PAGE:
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Aug 01, 2023

Thousands of items of rubbish, much of it old plastic, have washed up on one of Perth's most popular beaches, and it's from all around the city.

Among the many items found on Fremantle's Bathers Beach was what is believed to be a plastic Coke bottle bottom of 1980s or 1990s vintage.

Doctor Linda Davies of Notre Dame University's School of Arts and Sciences said people from all over Perth had contributed to the piles.

"This is litter that has been washed up on Bathers Beach that has been collected since February this year by the community members who are concerned about our litter pollution that we have," she said.

"With most of the litter on the table being from June and July when the storms first hit.

"The storms are always going to wash in more litter, and wash in litter that has come from afar.

"Some of this stuff may have originated from near Fremantle but a lot of it would've travelled fair distances."

The haul includes tomato sauce containers with use-by dates from 10 years ago, plastic and bamboo cutlery, pieces of underwear, small bags of unidentified drugs and McDonald's straws.

The McDonald's straws weren't recent deposits because the fast food giant has stopped making them, and plastic cutlery is harder and harder to find on dry land.

Dr Davies said that while some of the rubbish was from local businesses, much of it found its way directly into the ocean from the Swan River, often through stormwater drains.

"It shows the real importance of putting filters on our stormwater drains to stop this litter from coming through.

"If you look at some of the litter that's on the streets it will be very similar to what you see here so things like lollipop sticks you see sort of laying around quite frequently, I don't see people having a lollipop on the beach but I'll find lots of lollipop sticks washing up."

Dr Davies has been conducting monitoring of litter levels at Bathers Bay, aiming to determine whether bans on single-use plastics are making a difference.

Those who are part of the project have been provided with keys so they can put the rubbish into a special seahorse bin on Bathers Beach.

The seahorse bin has a perspex tummy, showing what happens when marine animals eat the litter.

While some of the collected refuse appeared to have come from fishers or fishing vessels, it was a relatively small portion.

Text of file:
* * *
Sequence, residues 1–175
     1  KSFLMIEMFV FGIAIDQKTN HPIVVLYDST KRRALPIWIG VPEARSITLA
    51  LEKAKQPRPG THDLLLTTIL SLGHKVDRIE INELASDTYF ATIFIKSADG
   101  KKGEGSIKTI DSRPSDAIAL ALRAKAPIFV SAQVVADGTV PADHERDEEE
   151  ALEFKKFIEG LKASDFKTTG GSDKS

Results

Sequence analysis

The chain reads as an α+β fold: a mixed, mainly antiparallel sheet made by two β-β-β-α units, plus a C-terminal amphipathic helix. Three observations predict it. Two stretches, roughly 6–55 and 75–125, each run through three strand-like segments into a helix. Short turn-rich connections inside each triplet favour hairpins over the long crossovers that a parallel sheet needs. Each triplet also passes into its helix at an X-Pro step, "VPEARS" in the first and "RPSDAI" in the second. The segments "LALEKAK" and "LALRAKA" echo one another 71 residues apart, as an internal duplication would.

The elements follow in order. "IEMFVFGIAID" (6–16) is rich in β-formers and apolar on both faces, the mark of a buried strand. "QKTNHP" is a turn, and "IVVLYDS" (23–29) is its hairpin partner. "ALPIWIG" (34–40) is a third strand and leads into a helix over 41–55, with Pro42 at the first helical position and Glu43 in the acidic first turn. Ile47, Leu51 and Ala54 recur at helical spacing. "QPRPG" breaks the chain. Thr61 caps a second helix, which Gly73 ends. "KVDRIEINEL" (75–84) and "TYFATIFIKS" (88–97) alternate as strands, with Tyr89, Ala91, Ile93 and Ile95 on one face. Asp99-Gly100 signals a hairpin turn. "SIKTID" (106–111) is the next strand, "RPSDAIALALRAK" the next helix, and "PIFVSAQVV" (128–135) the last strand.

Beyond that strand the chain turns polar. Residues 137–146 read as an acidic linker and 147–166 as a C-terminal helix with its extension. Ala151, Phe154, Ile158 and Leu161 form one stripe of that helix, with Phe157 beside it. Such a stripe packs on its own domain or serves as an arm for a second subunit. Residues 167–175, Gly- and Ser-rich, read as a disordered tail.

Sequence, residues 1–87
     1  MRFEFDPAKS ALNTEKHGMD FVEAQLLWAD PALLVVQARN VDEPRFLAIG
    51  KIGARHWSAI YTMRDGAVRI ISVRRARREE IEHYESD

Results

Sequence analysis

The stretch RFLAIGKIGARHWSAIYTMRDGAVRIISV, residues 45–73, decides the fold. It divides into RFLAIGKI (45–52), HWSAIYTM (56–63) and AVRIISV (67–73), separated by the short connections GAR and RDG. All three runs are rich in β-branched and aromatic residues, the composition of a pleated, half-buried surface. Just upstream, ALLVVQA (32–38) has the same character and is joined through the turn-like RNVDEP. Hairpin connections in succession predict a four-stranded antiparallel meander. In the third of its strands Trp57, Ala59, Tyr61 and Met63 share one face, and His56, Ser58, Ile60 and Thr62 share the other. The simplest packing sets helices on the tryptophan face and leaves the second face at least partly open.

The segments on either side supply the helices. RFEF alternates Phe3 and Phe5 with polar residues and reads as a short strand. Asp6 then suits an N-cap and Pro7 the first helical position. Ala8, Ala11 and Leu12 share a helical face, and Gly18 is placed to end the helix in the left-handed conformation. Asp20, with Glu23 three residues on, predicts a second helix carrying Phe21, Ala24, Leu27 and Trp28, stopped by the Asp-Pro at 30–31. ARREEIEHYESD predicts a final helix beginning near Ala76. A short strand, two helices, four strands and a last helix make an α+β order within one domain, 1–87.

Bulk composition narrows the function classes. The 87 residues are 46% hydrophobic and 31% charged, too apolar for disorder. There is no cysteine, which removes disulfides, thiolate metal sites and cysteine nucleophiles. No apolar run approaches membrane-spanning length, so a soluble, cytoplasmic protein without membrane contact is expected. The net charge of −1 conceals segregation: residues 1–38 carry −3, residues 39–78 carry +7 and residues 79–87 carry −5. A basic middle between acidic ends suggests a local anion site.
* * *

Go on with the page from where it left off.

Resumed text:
A few bottles with lids on them seemed to have come from foreign vessels, if not foreign shores, given the labelling and unfamiliar types of plastic.

Beverage containers made up more than 20 per cent of all of the items found, representing the single largest percentage.

Eligible items have gone to the Containers for Change program to raise money for the local arts precinct, and rope pieces had gone to a specific art project.

Dr Davies said the discovery of a black plastic bottom from a Coke bottle was noteworthy.

"These were popular in the '80s and '90s.

A unique floating rubbish bin, which effectively acts as a vacuum cleaner for the ocean, is being put to good use in WA waters.

"People used to use them as little terrariums.

"But they got phased out in the 1990s.

"This one has obviously been in the ocean for a fair while you can see the fouling in there and it has been weathered but it is still recognisable."

Cigarettes and their packaging made up 17 per cent of the litter collected, while food packaging contributed 19 per cent.

Dr Davies said sharp-eyed collectors had also found nurdles.

"Unfortunately with the Swan River discharging right near Bathers Beach we have a lot of these nurdles, so these are precursor plastic fragments that come from industry before they're actually turned into our plastic items which include single use plastics.

"These nurdles look like little eggs to some of our marine fauna and therefore it's eaten, non-digestible which can clog up animals' digestive systems."

The success of the project so far is largely down to volunteers like Rebecca James.

"I'm a big believer, as individuals all of us can play a small part," she said.

"The exciting part of being part of this project is knowing that it's all going to be analysed, and the science around that.

From nets that catch litter coming out of storm drains to roads made of recycled rubbish, some small West Australian councils are attracting global attention for their environmental ideas.

"To help find out what policies are making a difference, where some of this plastic's coming from and then being able to work out more what we can all do about it."

Neil Kidd is a regular visitor to the beach, using rubbish discoveries in his own art works, while also putting some in the seahorse bin.

"I keep getting told by people that see me daily that it's looking really great," he said.

"But you really don't know what the storms are going to bring up next week and you might see the whole beach covered in rubbish again."

Mr Kidd said he'd like to see every beach have a seahorse bin.

Watch War On Waste on iview or on Tuesdays at 8:30pm on ABC TV.

Watch War On Waste on iview or on Tuesdays at 8:30pm on ABC TV.